The scallop shell is the most iconic symbol associated with the Camino de Santiago. Many pilgrims see the lines on a Scallop Shell as a reflection of the Camino de Santiago – many paths leading to one point. There is more to the Scallop Shell symbolism however. (The first recorded reference to the scallop shell’s association with the Camino dates back to 1106.)
The significance of the shell: Santiago de Compostela is named in honor of St James the Greater, who worked as a fisherman before becoming a Disciple of Christ. Following the death and resurrection of Jesus, the apostles began to spread the gospel and convert others to Christianity. As part of his mission, James travelled to Iberia (now Spain) to preach to pagans in the area. On his return to Jerusalem, he was beheaded by King Herod for blasphemy. Following his execution, his headless body was being brought to Galicia to be laid to rest. As the boat containing his body approached the coast, a knight on horseback was walking the cliffs above the Atlantic. Upon seeing the boat, the horse bolted and both horse and knight fell to the sea. Divine intervention occurred whereby St. James miraculously saved the knight, still on horseback, who emerged covered in scallop shells!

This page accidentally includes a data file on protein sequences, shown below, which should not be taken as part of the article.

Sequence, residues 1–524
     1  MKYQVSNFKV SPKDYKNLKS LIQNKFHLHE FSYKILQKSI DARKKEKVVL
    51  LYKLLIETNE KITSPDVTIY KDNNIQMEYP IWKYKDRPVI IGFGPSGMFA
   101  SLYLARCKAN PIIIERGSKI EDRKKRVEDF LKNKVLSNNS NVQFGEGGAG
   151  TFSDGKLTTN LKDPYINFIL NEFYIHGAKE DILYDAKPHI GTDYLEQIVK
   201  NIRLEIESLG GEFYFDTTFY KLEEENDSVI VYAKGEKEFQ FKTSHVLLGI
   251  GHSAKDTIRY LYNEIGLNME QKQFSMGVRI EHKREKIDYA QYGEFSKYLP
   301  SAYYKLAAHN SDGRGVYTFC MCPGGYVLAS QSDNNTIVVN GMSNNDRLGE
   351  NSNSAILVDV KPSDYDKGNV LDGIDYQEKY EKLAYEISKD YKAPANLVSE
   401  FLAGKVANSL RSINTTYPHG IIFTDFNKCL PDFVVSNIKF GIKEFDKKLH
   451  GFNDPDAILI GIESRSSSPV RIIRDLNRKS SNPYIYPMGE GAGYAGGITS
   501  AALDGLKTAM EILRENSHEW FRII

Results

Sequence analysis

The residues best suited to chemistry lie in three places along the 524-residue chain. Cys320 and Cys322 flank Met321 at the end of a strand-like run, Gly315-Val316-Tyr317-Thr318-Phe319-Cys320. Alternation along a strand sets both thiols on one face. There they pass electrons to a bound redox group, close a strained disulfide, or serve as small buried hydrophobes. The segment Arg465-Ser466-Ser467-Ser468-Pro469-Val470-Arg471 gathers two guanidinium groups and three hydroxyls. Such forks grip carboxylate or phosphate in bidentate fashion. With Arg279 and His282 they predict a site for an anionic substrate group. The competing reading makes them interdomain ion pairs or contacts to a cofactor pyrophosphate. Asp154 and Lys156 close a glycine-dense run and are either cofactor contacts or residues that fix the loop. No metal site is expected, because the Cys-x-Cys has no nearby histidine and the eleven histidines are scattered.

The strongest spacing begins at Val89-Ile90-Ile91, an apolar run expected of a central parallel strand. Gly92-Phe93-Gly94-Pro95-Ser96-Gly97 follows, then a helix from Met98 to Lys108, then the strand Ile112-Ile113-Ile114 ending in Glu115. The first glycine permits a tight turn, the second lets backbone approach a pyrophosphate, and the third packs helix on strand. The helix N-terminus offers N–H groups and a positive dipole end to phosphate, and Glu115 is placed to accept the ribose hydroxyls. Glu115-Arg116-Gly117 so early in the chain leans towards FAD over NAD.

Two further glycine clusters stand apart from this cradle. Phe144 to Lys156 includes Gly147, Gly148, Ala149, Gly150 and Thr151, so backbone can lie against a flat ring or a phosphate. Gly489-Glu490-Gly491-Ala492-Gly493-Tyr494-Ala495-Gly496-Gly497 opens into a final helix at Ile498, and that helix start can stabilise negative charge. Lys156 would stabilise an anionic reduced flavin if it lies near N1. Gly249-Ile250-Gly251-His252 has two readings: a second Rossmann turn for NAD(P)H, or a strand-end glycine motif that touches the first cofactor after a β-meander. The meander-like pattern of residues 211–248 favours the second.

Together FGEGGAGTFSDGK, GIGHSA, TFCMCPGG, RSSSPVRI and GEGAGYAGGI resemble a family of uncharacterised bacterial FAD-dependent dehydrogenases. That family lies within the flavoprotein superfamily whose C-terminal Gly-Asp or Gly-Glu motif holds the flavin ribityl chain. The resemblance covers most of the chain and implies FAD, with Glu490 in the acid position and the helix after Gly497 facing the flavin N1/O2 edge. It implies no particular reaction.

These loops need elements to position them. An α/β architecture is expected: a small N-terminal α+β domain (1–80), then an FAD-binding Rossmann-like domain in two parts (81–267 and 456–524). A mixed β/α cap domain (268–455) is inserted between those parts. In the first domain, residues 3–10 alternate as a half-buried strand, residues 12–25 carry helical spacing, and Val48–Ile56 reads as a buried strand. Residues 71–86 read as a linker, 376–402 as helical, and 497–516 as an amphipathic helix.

Other references: Throughout the medieval period, pilgrimages were long and dangerous journeys undertaken as an act of penance and religious devotion. The pilgrimage started at the pilgrim’s home and continued by foot until they reached Santiago. Once they returned home, either by foot, horseback or boat, pilgrims presented the scallop shell as proof they completed the pilgrimage since the shells are indigenous to the Galician coast. By the 12th Century, scallop shells were being sold by hundreds of licensed vendors around the Cathedral of Santiago cementing their symbolic status. The scallop shell was also historically used for gathering water and drinking and as a bowl for collecting gifts of food and for eating.
The modern pilgrim embarking on St. James Way can see the scallop shell at every turn, guiding them on milestone markers and providing a reassuring point in the right direction. Many pilgrims wear the shell, either around their neck or attached to their backpack, making it easy to spot fellow pilgrims on the Camino and enhance the camaraderie. Buen Camino!!